Savannah River Ecology Laboratory
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Contaminants in Turtles and Alligators on the SRS

Tracey D. Tuberville, David E. Scott, Brian S. Metts, and Stacey L. Lance

gaping alligator canoe full of sliders alligator in rad counter common snapper

Project background

Wildlife species are exposed to an increasingly complex and pervasive suite of contaminants, particularly in aquatic environments. Future management and remediation efforts for contaminated aquatic ecosystems will depend in part on predicted risks to wildlife species from contaminant exposure and bioaccumulation. Most efforts to understand their risk of exposure to contaminants has focused on relatively short-lived species (typically < 10-15 yrs). However, these models may not adequately estimate the exposure risks for species with much longer life spans. In the southeastern U.S., American alligators (Alligator mississippiensis) and several turtle species occur in aquatic systems and have estimated longevities of 40-70 years and have diets composed largely of vertebrate prey and/or invertebrates. As a result, alligators and turtles may be good ecological receptors for assessing risks associated with long-term contaminant exposure.

SRS map and example wetlands
Figure 1. Range of aquatic habitat types on SRS.

The Savannah River Site (SRS), near Aiken, South Carolina, USA, is a 800-km2 Department of Energy installation at which some localized areas contain elevated concentrations of radioactive and trace element contaminants. These areas vary in their contaminant history in terms of the timing and types of contaminants introduced into the system. For example, nickel and uranium are the primary contaminants of interest in the Tim’s Branch/Steed Pond area, radioisotopes (especially cesium-137) are of concern in impoundments in the Lower Three Runs Creek area; elements such as arsenic and selenium are elevated in the Beaver Dam Creek system; and elevated mercury is a problem across several sites where environmental conditions (e.g., low pH, high dissolved organic carbon, fluctuating water levels) favor mercury methylation. The SRS also has an incredible diversity and abundance of natural, uncontaminated wetlands, resulting in a continuum of aquatic habitats that vary in size, physical structure, hydrology, vegetation community type, degree of disturbance, and level and type of contamination (Figure 1). Thus, the SRS is an ideal setting to conduct field-based surveys and experiments of the effects of contaminants on wildlife.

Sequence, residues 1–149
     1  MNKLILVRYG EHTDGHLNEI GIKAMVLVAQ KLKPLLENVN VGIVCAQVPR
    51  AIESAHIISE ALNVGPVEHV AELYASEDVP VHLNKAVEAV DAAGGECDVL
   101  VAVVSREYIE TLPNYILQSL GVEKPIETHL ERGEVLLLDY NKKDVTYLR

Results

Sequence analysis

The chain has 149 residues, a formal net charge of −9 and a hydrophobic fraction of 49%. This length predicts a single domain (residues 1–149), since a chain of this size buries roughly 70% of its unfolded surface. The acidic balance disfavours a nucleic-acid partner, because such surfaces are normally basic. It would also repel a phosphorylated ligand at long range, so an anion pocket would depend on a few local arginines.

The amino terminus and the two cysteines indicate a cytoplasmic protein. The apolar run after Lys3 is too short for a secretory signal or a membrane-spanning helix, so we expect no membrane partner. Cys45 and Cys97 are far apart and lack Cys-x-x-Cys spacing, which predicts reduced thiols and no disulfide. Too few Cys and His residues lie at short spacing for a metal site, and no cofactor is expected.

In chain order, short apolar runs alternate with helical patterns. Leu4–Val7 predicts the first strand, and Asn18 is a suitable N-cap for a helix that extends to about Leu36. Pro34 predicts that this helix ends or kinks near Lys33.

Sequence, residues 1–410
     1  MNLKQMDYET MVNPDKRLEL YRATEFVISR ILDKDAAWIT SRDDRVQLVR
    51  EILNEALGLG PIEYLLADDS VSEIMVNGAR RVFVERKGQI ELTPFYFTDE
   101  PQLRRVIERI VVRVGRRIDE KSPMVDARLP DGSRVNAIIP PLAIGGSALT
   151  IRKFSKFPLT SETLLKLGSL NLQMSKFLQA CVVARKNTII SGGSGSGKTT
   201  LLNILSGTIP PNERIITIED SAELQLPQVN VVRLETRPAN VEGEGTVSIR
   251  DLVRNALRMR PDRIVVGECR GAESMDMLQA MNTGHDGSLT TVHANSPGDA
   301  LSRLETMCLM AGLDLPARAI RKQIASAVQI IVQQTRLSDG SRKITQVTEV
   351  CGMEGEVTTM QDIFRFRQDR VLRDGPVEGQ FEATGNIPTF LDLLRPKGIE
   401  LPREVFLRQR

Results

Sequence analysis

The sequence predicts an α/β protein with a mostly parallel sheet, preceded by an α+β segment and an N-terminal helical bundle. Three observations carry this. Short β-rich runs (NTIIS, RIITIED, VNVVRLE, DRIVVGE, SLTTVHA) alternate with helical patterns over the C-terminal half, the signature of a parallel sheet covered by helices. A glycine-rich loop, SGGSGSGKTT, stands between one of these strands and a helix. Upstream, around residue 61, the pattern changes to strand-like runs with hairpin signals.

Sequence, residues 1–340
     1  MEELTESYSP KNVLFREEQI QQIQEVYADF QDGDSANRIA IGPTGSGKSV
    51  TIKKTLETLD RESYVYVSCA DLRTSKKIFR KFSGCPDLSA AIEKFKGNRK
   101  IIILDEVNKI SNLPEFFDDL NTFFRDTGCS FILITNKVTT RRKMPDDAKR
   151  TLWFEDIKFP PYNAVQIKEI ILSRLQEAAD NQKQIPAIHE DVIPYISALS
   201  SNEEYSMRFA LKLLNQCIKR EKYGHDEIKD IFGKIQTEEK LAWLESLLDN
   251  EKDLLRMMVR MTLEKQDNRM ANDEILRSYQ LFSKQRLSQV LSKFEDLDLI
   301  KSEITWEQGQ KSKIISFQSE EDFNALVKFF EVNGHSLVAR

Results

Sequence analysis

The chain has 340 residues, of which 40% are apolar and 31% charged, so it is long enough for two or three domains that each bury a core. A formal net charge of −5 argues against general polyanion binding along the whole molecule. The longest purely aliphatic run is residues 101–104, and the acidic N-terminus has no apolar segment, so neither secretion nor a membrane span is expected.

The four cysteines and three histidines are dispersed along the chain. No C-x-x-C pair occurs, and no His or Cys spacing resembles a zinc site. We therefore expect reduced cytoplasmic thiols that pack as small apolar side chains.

American alligators and 11 species of aquatic turtles occur on the SRS. Due to their longevity and potential for chronic exposure, turtles and alligators may serve as reservoirs of contaminants, and because of their mobility and (at least in some species) use of rivers and streams as movement and dispersal corridors, they can potentially transport contaminants offsite. For example, radioactively contaminated turtles have been captured on private lands adjacent to the SRS. Both taxonomic groups are consumed by humans in surrounding communities. Indeed, several turtle species have been a source of food for years, and alligators are now legally hunted and consumed in both South Carolina and Georgia. Therefore, body burdens of certain trace elements and radiological contaminants in wildlife are of concern not only for the wildlife but for the humans that may consume them.

Previous research

Throughout the 1970s and 1980s the turtle community in PAR Pond, Pond B, and other reservoirs in the watershed was studied intensively, including estimates of numbers, demographic parameters, and body burdens of 137Cs. Cesium-137 kinetics in turtles has been well-studied by SREL researchers and the gamma emission of 137Cs allows the estimation of body burdens without destructive sampling. Total body burdens (TBB) of 137Cs were monitored in both yellow-bellied sliders and alligators captured in Par Pond and Pond B reservoirs during the 1980s, providing important historical data for these long-lived reptiles. Comparison of historical TBB with current levels in recaptured animals also provides the opportunity for monitoring changes in TBB over time.